Apologies and Policy Change

I have to be honest with you, you one person who visits my blog everyday, there haven’t been many posts lately. Look at the right hand margin. The numbers don’t lie. Not after the beat down I ladled on them after Abstract Alegbra – there are no such things as imaginary numbers. Don’t even try, mathematics. So now they speak the truth – this is my sixth post in May, whereas my goal is around 12 or zero, in case I ever have to go underground because of what I did to those fry cooks. They had it coming.

But my situation is changing. I’m in a transitional state. I was a solid, and I’m going to be a gas, but right now I’m just a liquid. Did that make sense? I copied and pasted it from the Wikipedia article on water. Someone wrote it in the first person to make it easier to understand. But truthfully – I was a student, a layabout, but more importantly, a dependent, and I’m becoming a worker, a doer, and a public notary by way of this mail order course I’m taking. But also I’m becoming an independent.

Not just independent. I had to fill out a W4 for my new job with BYX, working as a national adviser, and I registered that no one else could claim me as a dependent. I’m a man. But I’m also wolf. But only at night.

This doesn’t really explain the gap, though. I was at job training. Now I’m at camp. Camp War Eagle, for kids in Northwest Arkansas. I’m here the whole summer. And while I will try to bring you stories of lovable children and their tears which I collect in small mason jars, it will be hit or miss. Don’t expect the usual output. Anyway, I run this blog for the ad revenue, so I get paid the same whether or not I’m writing.

With that said, I kicked a dog today. Swift, to the jaw, like a home intruder. It tried to bite my side, right below the ribs. I put my foot right underneath his snout and lifted it like my ballet lessons taught me. Okay, that was all a lie. Just the last part. The whole growing up essay was true.

Advertisements

I Get Fired, Rehired in Fifteen Minutes

The Executive Board of BYX had it’s annual meeting on Thursday; since I’m in training to become a National Advisor, I’m here in Ft. Worth for the week and was taken along to sit in the corner wearing a dunce cap. I didn’t speak and my mouth felt freeze dried the entire time, like it feels when you sleep on a stranger’s couch and are afraid of doing something normal which is prohibited in that stranger’s house.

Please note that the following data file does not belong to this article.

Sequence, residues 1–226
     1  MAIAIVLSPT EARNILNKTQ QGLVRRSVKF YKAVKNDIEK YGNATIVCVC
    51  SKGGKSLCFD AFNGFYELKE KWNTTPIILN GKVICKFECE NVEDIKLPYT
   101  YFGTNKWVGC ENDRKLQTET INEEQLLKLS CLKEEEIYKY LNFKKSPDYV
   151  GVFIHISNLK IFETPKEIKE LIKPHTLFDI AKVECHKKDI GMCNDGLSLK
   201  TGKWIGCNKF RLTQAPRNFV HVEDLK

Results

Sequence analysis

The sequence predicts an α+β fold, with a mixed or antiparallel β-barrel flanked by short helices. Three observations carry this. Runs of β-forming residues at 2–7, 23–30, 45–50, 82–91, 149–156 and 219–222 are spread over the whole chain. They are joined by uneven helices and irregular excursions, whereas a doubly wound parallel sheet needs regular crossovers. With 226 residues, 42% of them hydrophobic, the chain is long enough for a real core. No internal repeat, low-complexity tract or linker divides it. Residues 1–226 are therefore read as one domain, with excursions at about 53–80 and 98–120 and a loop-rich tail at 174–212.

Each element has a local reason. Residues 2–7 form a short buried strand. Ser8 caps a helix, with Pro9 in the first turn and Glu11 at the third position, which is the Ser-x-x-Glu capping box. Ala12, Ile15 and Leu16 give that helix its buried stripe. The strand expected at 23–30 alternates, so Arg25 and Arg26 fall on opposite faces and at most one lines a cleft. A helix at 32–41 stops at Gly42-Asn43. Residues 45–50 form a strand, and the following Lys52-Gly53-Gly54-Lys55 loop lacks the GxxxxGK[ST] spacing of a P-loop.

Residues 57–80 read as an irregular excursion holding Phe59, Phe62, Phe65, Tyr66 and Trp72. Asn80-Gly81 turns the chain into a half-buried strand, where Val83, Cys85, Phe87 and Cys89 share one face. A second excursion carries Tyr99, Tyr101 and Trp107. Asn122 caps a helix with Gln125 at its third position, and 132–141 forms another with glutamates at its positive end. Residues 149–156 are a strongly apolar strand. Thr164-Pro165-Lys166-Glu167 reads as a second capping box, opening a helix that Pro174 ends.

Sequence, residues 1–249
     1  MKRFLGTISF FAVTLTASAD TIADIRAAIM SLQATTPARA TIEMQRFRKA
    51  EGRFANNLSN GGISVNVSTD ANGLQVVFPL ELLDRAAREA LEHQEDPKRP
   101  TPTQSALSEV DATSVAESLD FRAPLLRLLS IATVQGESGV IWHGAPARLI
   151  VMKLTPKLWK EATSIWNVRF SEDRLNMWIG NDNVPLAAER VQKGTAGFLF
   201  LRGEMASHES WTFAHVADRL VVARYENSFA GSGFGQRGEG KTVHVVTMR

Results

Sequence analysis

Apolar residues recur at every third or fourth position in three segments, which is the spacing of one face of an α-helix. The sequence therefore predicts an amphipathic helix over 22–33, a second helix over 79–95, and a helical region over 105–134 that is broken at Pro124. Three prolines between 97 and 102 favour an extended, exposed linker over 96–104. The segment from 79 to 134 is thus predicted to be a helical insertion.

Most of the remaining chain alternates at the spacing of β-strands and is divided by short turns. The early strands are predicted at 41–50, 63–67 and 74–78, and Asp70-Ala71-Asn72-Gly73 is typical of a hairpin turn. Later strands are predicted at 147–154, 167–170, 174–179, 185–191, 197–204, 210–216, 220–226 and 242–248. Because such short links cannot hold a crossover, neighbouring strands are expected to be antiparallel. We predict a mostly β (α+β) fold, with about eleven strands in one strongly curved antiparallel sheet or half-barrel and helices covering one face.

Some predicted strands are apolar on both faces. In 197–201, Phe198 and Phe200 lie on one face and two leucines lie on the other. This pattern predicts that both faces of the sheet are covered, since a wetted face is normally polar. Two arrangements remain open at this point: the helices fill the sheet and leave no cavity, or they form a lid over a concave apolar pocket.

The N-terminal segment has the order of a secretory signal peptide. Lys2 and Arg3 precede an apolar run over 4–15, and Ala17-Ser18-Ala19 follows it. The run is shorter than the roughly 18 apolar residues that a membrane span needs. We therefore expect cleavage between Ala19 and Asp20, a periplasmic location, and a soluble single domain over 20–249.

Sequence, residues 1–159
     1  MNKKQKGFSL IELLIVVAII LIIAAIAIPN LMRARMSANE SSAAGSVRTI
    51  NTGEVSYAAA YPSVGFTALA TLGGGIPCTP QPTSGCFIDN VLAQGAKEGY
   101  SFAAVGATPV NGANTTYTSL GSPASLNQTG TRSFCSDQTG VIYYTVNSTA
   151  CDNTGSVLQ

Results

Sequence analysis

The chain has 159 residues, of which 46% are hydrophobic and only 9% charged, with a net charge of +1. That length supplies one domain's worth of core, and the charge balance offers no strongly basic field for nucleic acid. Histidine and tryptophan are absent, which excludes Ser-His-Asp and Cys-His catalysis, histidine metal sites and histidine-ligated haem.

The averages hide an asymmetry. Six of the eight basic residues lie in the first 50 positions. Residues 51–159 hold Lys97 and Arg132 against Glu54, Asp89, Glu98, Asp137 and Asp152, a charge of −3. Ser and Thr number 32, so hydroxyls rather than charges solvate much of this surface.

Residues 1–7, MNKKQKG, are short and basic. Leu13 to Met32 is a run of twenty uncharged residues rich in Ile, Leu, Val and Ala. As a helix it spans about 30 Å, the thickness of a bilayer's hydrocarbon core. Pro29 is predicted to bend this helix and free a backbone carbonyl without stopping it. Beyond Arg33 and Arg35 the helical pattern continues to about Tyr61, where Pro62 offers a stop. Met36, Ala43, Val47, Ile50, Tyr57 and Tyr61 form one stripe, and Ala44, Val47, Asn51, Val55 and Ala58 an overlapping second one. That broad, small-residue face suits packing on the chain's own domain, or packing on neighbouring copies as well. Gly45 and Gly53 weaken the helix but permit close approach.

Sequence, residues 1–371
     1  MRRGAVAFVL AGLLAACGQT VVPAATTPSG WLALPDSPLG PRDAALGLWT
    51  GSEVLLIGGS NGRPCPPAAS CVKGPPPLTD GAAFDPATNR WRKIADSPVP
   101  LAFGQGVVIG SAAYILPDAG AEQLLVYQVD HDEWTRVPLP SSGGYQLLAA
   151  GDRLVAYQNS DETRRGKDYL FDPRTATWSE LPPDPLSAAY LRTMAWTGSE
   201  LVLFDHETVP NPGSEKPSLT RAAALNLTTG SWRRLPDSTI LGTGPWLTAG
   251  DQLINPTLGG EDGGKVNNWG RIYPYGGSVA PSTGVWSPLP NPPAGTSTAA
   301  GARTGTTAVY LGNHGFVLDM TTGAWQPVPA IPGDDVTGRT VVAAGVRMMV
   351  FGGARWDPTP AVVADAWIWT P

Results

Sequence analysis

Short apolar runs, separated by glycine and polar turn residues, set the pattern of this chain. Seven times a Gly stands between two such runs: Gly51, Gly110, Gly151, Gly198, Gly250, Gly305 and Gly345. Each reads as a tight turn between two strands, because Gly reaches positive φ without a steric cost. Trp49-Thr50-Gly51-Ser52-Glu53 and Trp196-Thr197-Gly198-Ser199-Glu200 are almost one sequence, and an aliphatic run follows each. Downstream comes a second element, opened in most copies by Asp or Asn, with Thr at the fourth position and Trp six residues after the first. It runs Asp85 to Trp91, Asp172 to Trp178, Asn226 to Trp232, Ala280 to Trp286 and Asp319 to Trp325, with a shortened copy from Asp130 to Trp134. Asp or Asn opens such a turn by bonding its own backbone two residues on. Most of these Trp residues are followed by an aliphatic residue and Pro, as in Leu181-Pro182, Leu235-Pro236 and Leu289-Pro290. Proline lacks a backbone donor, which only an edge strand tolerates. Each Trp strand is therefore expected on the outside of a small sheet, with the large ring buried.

There are five members on the Executive Board; they, along with the full time staff, met from 8 until 12, talking about budgets and proposals and individual chapters. Then after lunch we were joined by the seven member Advisory Board, and that meeting ran from lunch until after dinner, around 8 at night. A twelve hour board meeting – and I didn’t fall asleep (in the conference room – there was a family restroom right outside. Bingo).
I don’t think I was expected to understand what was going on. I was brought in, along with the other new staff member, to meet the board and get a feel for the issues we would be dealing with. In fact, I enjoyed the morning session. The executives were engaging and even funny, and I understood what we were talking about. It was in the afternoon that I lost control. That’s when the graphs came out, and the handouts became only numbers with no pictures. I can’t read without pictures. It’s called hieroglyphics and the Egyptians used to do it.
One board member, Wendell, started BYX at the University of Texas in 1985. He created the whole thing. And I was terrified to say anything to him. The worst part was, I never knew where he was. When he first spoke, he was sitting at the table. Then the conversation moved on and I forgot about him, he spoke again and suddenly he was on a stool. Then in an arm chair. Then sitting on the snack counter. Then on the sofa next to me (when I totally lost the conversation thread, I was told I could sit on the couch away from the meeting and rest my brain. They gave me applesauce to cool off). That was the terrifying part. He spoke, and I wanted to say, when did you sit down? After the conversation moved away, he looked at me and said, What’s up? I just nodded with a high frequency, like a sound wave, and when I looked back he was gone.
I lost my job for about thirty minutes. In the middle of the budget section, someone said, “Let’s cut the staff by half. All the new guys are out.” I panicked. I took out my phone and texted my dad to ask if his company internship was still open, then I asked one of the board members, did I just get fired? He shook his head no. He told me it was hypothetical, and it happened once a board meeting. When my dad texted back yes, I had to make up an excuse. I told him it was still available because no one with a college degree wanted to wash cars for the summer – I have a real job now. I’m done with menial labor.